Neutral is not ground. Neutral carries normal operating current. Ground is just a safety shield, and can't carry current if it's to do its job. Back at the service panel is a neutral-ground equipotential bond meant to keep all the conductors near ground (not floating at 4000V due to a transformer leak), and to provide a return path for fault current. Failure to understand this bond leads many to believe neutral and ground are interchangeable. Not so.
Bringing lazy to a whole new level
This is a metal conduit wiring method, where the metal pipe carries the ground for you. Easy peasy, ground is done! But this person was so lazy they couldn’t even be bothered bringing a (or a proper color) neutral wire.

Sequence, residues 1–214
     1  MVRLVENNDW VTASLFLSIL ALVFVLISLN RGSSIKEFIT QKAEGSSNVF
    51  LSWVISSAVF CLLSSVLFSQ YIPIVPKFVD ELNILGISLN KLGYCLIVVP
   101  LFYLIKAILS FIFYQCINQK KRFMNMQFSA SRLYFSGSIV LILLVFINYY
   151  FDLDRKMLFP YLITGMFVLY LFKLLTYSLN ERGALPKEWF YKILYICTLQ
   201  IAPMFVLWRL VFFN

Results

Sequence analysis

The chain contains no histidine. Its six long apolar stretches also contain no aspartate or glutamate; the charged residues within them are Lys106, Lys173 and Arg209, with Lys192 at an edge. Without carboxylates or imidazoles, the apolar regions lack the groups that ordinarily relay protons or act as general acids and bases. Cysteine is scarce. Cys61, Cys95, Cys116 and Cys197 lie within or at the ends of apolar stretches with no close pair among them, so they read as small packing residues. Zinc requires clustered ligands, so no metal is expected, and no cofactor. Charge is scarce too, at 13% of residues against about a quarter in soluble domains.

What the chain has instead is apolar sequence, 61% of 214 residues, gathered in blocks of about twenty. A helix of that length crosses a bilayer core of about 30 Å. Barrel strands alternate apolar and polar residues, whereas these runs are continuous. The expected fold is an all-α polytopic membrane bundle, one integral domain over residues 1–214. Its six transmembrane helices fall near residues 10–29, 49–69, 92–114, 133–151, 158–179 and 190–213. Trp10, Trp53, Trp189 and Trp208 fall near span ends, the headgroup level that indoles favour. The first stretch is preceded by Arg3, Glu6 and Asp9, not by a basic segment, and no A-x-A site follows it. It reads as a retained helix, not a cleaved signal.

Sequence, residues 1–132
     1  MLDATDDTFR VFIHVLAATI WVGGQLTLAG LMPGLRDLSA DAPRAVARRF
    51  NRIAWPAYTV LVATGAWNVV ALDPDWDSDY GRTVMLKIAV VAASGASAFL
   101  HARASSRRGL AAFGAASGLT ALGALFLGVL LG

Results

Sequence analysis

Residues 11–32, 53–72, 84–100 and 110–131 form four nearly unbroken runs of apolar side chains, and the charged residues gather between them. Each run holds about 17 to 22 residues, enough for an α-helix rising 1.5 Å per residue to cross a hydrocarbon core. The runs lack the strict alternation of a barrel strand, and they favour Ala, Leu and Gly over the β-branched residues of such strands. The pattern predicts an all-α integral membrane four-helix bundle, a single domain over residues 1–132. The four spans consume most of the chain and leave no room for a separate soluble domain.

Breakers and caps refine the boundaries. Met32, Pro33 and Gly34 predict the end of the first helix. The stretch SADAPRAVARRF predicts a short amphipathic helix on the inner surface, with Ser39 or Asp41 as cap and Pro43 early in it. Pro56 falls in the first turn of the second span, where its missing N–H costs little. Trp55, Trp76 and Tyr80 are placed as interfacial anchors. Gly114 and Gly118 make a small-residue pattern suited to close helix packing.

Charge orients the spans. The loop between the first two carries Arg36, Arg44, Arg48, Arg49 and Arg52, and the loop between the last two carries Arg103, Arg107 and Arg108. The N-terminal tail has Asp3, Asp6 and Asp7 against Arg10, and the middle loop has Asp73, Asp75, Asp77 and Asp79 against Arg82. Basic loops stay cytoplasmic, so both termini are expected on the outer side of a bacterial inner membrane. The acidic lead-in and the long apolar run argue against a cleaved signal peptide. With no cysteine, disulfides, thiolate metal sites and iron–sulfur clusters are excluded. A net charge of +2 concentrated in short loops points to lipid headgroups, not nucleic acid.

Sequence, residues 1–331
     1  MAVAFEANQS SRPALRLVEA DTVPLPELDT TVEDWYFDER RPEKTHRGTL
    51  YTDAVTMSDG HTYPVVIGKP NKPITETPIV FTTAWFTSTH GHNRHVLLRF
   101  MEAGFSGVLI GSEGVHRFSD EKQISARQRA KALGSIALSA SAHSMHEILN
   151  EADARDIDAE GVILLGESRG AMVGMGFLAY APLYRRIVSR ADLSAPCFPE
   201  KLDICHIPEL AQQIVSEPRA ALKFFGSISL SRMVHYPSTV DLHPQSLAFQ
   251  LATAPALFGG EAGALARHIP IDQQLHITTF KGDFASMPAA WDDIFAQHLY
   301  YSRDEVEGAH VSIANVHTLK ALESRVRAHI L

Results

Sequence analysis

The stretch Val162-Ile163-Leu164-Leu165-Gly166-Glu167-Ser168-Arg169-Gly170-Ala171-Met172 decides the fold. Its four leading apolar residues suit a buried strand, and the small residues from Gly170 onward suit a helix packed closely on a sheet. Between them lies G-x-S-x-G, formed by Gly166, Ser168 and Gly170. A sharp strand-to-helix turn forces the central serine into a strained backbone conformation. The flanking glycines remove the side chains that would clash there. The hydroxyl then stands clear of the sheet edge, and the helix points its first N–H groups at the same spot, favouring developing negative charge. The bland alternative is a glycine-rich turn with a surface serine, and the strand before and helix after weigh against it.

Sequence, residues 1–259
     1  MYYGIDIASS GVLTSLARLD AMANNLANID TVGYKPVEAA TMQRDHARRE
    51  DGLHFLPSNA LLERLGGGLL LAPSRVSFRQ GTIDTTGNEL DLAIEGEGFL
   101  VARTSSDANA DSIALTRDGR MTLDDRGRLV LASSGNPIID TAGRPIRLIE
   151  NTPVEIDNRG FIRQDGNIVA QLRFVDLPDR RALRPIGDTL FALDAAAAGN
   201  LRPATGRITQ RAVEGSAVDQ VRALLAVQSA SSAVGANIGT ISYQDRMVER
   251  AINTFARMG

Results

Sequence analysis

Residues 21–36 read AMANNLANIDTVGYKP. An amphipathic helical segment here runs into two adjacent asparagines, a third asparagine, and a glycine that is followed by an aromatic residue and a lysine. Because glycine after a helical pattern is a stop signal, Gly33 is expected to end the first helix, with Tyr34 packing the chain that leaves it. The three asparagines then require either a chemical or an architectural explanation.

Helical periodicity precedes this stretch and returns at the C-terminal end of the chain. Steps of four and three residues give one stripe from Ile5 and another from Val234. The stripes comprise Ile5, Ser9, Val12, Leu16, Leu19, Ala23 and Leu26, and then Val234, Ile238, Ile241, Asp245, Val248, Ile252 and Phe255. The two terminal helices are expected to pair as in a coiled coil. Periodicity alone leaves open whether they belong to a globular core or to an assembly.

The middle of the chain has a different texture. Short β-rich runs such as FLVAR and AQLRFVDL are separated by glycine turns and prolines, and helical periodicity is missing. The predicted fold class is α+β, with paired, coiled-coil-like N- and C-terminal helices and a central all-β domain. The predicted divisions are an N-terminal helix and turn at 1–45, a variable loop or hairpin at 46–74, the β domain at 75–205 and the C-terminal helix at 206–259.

Just throw a neutral wire in the pipe
Since it's conduit, it's easy to add wires. Pull a real neutral wire into that pipe (or if separate circuits, 1 neutral per circuit; remember gray is a legal neutral color, my roll of grey wire is my favorite one!) Wire it properly then remove that jumper.
Noting that in a multi-wire branch circuit (MWBC), it is normal for 2 hots to share 1 neutral. Since this setup has no neutrals at all, you get to decide which is an MWBC. Make sure to follow the MWBC rules.
And you'll probably need to do this on every recep, lamp, disposal, dryer, range, and every other 120V load on the premises.
... And test
Lastly, check out each of your circuits by plugging small loads (night lights, etc.) into each circuit, and installing a GFCI breaker on one circuit at a time. You need to have > 10ma (1.2 watt) load on each circuit so you can detect crossed neutrals.
For MWBCs and 240V loads, you can use a 1-pole GFCI breaker and simply land both hots on the breaker hot screw. Temporarily, for testing; it MUST be undone right after testing, especially on MWBCs.
Or, you can use a 2-pole GFCI breaker, and when testing 120V circuits simply leave one hot screw unused. That will let you fully test 240V and MWBC circuits.